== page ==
Effective Maintenance Management
The maintenance organization of today, like many departments, is under continued pressure to cut costs, show results, and support the mission of the organization. After all, it is a logical expectation from the business standpoint.
The evolving maintenance operation has been charged with supporting the broader efforts of World Class Manufacturing such as Six Sigma, Lean Manufacturing and major quality initiatives. The ability to be successful in that charter lies within the practices and systems that make up the maintenance function. It is not just what we do…it is how well we do it.
In fact, regardless of who does maintenance, whether it is a specialized skilled or multiskilled tradesperson or a highly trained operator/mechanic, solid maintenance practices are the keystone to World Class Maintenance, which leads to World Class operations.
According to Paul Thomlingson, in “Effectiveness Maintenance”, the objectives of a good maintenance function are to:
- Support operations by keeping production equipment in good condition so that production targets can be met
- Maintain the plant facilities by keeping the plant site and its buildings, utilities, and grounds in a functional, attractive state
- Conduct engineering projects like equipment modifications, construction, installation, and relocation
- Develop a program to carry out its services
- Organize itself to support the equipment maintenance needs of production while conducting essential engineering projects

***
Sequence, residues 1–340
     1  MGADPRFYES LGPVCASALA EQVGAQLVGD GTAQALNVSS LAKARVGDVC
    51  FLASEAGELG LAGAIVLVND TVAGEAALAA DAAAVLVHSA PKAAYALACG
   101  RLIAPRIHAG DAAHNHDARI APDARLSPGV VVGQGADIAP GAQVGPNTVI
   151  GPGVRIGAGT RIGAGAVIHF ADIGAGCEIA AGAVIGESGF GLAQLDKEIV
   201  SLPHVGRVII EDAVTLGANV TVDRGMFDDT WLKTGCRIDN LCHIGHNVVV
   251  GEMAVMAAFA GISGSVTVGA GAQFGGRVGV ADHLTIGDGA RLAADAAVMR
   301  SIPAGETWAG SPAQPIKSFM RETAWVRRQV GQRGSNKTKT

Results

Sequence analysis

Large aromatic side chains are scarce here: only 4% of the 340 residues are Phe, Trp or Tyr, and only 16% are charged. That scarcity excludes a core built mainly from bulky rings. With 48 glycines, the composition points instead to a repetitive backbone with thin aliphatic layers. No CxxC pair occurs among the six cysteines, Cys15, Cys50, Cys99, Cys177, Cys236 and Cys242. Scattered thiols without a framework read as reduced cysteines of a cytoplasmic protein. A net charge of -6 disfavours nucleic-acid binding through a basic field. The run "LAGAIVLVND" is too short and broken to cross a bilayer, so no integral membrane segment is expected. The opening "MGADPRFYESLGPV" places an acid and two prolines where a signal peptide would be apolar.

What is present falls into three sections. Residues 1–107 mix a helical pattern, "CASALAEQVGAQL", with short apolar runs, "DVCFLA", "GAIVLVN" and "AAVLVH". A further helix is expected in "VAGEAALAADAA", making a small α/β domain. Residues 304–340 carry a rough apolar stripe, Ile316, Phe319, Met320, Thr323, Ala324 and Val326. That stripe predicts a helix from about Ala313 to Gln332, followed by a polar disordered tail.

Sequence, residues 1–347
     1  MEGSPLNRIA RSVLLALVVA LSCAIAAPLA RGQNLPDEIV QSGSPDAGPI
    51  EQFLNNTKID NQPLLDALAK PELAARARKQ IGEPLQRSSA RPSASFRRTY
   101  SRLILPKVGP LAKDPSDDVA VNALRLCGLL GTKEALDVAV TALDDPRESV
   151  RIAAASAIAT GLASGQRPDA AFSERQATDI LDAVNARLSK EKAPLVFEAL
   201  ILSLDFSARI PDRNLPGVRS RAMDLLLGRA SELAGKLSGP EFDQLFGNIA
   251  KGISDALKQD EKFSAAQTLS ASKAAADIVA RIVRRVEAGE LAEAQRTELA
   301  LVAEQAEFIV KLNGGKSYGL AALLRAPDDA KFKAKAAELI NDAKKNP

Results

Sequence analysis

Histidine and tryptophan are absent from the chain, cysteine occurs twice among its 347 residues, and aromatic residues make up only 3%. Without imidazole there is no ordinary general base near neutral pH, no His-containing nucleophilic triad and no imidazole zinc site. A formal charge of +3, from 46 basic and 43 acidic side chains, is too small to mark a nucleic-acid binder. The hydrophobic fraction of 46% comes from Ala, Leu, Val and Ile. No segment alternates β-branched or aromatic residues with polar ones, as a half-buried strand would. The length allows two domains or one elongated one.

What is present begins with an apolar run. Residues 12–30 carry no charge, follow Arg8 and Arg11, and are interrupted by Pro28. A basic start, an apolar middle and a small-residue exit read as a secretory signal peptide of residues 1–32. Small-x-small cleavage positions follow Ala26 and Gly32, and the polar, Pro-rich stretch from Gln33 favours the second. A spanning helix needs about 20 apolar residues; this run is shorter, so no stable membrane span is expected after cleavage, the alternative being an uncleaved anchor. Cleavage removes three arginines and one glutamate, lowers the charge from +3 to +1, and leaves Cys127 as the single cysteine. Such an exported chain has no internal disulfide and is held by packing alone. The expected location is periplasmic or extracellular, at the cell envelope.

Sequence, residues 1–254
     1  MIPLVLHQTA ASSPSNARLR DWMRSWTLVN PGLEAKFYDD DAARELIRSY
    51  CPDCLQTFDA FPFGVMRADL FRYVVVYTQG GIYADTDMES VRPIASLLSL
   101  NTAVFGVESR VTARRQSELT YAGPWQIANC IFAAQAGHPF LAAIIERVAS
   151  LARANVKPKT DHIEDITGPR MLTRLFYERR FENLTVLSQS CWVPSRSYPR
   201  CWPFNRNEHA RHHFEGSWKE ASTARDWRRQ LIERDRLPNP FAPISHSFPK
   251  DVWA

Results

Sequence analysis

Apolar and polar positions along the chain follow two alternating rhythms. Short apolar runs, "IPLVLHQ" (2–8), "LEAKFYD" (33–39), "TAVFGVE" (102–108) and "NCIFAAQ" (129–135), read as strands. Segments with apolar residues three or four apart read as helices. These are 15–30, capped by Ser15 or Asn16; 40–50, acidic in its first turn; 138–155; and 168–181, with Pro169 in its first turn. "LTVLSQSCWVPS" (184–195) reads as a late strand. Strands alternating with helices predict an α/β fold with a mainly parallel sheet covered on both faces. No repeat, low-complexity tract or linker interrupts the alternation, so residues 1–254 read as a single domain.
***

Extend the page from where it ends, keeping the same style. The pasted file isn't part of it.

- Execute its programs while utilizing its resources productively
- Perform quality work
- Anticipate and prepare for future work
- Achieve continued improvement by evaluating performance, taking corrective actions, and measuring progress
- Prepare for future changes by anticipating needs and organizing flexibly
This would be in addition to conducting those proactive activities to prevent failures from occurring.
Best Maintenance has its foundation in Best Maintenance Practices. Those practices include the following twelve areas:
- Leadership and Policy Deployment
- Organizational Structure
- Inventory Control
- Computerized Maintenance Management Systems
- Preventive Maintenance
- Predictive Maintenance
- Planning and Scheduling
- Work Flow
- Financial Control
- Operational Involvement
- Staffing and Development
- Continuous Improvement
Leadership and Policy Deployment
Let’s look at the first of these, Leadership and Policy Deployment. World Class Maintenance relies on leadership providing direction, focus and support. This involves management establishing a clear mission and vision supportive of the organization’s direction and goals.
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